FARGO — There is a popular adage English teachers pass on to their students: Write what you know.
The idea is that by writing about their experiences or what they’ve seen or heard, their words will be more honest and sincere and the writing more clear and believable.
Often for established writers, their voice is informed by a locale or region and their words a reflection of it.
Three writers whose works have deep roots in North Dakota, poets Mark Vinz, Debra Marquart and Pulitzer Prize-winning novelist Louise Erdrich, will discuss the topic of sense of place in an online forum hosted by Humanities N.D. from 3-4 p.m. Sunday, Sept. 12.
Vinz and Marquart will also present a reading from their new books, “The Trouble with Daydreams — New & Collected Poems” and “The Night We Landed on the Moon — Essays Between Exile & Belonging,” both published by North Dakota State University Press, at 2 p.m. Saturday, Sept. 11, at Zandbroz Variety.
Vinz and Marquart recently talked with The Forum about what sense of place means to them and their writing. An email request to speak with Erdrich did not get a response.
“American culture is so interchangeable, moving. The average American moves several times in their life. Sense of place means paying attention to where you come from,” says Vinz. “It means rootedness.”
For 40 years Vinz taught English, particularly poetry, at Minnesota State University Moorhead before retiring in 2007. Over the last 50 years, he’s published or edited about 20 collections of verse.
His latest book, “The Trouble with Daydreams,” includes a dozen new poems as well as some earlier titles. Now 79, he says this may be his last book of poems as he’s more recently been working on essays.
Whether prose or verse, his connection to the Upper Midwest is often at the center of what he’s writing. He dismisses the idea that the middle part of the country is flyover country.
“We don’t have a lot of picture postcard scenery. It’s slow to reveal itself, but it gives you something quite wonderful,” he says. “It’s not a place to drive by, it’s a place to stop and get out of the car.”
He compares that need for getting out and taking a closer look to writers diving into their words and reworking lines until the text clicks.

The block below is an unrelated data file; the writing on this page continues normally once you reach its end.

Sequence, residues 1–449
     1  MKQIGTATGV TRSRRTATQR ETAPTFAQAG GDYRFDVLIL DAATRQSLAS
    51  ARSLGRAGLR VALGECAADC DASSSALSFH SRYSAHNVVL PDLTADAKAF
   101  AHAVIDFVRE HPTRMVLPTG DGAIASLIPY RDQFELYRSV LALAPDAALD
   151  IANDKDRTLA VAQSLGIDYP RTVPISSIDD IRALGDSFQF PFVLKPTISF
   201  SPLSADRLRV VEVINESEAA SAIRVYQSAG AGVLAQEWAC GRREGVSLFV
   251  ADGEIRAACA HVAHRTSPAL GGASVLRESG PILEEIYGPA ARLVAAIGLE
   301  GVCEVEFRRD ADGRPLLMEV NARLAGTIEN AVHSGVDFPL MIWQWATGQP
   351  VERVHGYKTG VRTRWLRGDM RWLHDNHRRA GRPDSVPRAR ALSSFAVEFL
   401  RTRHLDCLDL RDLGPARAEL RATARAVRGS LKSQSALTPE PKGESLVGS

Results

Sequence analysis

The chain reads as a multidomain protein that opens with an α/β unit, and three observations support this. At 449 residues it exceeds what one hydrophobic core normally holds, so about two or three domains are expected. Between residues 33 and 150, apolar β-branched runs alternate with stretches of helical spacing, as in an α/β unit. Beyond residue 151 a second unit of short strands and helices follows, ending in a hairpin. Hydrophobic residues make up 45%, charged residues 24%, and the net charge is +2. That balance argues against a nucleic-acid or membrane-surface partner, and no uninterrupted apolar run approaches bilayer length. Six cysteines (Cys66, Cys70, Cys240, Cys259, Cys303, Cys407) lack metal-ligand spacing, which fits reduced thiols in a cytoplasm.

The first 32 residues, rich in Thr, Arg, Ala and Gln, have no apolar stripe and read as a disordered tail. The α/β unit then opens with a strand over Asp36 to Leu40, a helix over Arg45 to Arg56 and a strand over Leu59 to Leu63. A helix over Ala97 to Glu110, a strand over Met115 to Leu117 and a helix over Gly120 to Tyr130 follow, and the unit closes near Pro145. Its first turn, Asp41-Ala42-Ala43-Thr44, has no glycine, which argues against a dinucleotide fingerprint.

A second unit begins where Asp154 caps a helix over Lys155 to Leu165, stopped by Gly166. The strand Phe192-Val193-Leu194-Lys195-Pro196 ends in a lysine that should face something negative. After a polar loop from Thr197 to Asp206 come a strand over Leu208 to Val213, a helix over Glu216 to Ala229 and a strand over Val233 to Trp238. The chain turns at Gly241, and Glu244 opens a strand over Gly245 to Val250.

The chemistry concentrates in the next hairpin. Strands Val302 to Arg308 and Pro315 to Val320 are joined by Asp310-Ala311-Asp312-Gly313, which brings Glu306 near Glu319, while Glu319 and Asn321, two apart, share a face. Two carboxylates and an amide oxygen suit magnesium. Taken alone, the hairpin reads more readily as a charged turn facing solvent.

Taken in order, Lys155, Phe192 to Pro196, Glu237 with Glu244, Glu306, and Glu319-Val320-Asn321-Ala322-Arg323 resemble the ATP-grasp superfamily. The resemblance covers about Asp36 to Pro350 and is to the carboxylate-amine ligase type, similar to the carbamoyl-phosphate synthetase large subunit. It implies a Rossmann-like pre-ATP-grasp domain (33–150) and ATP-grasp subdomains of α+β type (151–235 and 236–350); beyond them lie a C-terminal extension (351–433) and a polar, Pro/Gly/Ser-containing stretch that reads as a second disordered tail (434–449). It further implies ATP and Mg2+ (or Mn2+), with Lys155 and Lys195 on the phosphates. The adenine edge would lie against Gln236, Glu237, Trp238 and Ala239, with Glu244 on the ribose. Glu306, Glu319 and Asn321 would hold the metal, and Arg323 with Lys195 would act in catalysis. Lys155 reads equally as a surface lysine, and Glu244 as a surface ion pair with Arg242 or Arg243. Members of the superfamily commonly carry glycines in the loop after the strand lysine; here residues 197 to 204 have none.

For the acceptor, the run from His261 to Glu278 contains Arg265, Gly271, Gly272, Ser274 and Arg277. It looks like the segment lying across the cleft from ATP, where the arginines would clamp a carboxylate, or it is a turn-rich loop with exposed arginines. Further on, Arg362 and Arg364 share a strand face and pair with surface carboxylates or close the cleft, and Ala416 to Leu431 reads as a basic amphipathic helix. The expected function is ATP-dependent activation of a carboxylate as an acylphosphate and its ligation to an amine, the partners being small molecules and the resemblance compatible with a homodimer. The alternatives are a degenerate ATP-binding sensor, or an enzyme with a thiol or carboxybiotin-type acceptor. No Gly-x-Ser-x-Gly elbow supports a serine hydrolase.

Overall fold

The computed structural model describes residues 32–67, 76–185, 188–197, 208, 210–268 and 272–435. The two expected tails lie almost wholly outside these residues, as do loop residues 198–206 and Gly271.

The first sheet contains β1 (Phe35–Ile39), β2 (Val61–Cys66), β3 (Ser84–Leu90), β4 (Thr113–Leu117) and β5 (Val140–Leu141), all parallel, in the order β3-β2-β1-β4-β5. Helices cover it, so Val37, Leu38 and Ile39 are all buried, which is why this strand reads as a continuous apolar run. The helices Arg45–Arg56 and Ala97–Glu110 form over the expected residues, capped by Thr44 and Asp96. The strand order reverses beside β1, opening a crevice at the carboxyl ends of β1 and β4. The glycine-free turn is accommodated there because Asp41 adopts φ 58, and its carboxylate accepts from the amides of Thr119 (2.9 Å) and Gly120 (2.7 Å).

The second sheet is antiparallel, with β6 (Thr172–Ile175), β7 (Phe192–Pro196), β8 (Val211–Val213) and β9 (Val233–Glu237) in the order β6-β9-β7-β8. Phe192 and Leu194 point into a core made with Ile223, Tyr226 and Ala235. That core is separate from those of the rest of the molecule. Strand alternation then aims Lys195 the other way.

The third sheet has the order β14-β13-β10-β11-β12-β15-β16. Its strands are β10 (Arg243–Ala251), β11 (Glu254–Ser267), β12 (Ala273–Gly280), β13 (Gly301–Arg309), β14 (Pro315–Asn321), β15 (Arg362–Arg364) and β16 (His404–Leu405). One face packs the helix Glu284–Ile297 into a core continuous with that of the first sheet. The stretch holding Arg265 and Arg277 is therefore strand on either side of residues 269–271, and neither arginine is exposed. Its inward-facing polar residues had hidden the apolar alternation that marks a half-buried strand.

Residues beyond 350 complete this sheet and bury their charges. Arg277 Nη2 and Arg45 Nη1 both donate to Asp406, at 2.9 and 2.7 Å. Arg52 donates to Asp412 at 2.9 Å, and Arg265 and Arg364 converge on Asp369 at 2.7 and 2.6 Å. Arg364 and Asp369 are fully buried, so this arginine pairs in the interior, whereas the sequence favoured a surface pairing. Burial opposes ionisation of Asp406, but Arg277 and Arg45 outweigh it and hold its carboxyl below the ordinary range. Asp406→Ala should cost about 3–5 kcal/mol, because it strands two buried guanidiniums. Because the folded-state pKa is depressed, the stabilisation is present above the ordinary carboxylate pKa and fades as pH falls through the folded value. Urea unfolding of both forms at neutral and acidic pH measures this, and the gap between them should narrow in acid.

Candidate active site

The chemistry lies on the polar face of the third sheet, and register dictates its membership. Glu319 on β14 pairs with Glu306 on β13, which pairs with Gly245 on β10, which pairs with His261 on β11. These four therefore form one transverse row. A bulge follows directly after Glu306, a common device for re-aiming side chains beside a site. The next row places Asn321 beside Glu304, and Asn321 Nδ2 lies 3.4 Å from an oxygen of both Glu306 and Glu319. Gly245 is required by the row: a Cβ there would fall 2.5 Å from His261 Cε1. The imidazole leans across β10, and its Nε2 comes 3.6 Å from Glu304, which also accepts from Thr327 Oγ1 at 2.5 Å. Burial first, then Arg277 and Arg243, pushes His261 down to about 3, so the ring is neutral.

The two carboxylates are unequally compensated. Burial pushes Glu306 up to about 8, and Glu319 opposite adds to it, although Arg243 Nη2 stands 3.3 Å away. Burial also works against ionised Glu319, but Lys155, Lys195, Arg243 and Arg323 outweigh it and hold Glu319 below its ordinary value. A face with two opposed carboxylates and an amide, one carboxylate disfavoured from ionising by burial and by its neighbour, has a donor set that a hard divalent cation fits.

“Dig deeper in, go back and explore. That’s what writing is all about,” he says.
Marquart can relate. She points to a piece by Minnesota writer Bill Holm about “the prairie eye vs. the woods eye.” While the forest can be overwhelming with grandeur and majesty, the prairie experience requires looking through a smaller lens.
“When you’re used to looking at the prairie, you appreciate the nuanced experience,” Marquart explains. “It’s a more subtle, nuanced narrative. It’s slowing down long enough to observe and reflect.”
Marquart grew up in Napoleon, N.D., and felt the small-town experience was stifling and a need to escape, so she moved away at 17, one week after high school graduation. That was in the 1970s. After spending a couple of years on the road singing in bands, she settled down in Fargo-Moorhead and attended MSUM.
“When I started writing, my home ground was the first place I started writing about. My writing keeps returning to North Dakota,” she says.
She had Vinz for a teacher and was impressed that someone she knew was publishing poems.
“I didn’t really know living people were writing creative works,” she says. “This opened a whole world of expression to me I never knew existed coming from Napoleon.”
She recalls a poem she wrote, “And Who Do You Belong to,” inspired by being out on Halloween and having elders question who is under a mask.
“There’s an upside to that, you feel safe,” she says. “The downside is that it can be claustrophobic. It really was a close village. Now in my adulthood I realize what a gift it was to grow up in that.”
After MSUM, Marquart attended the writing program at Iowa State University, where she now teaches the MFA program on creative writing and environment. While the school has provided professional growth for her over the decades, including being named the state’s poet laureate, it still doesn’t feel as much like home as a place like Napoleon.
“I don’t feel the physical connection or love I do for North Dakota,” she says. “I compare all places to my home ground. The inexorable pull of one’s home ground. I feel my sense of belonging.”
If you go
What: Mark Vinz and Debra Marquart reading
When: 2 p.m. Saturday, Sept. 11
Where: Zandbroz Variety, 420 Broadway, Fargo
Info: This event is free and open to the public
If you go
What: Online author talk on sense of place
When: 3-4 p.m. Sunday, Sept. 12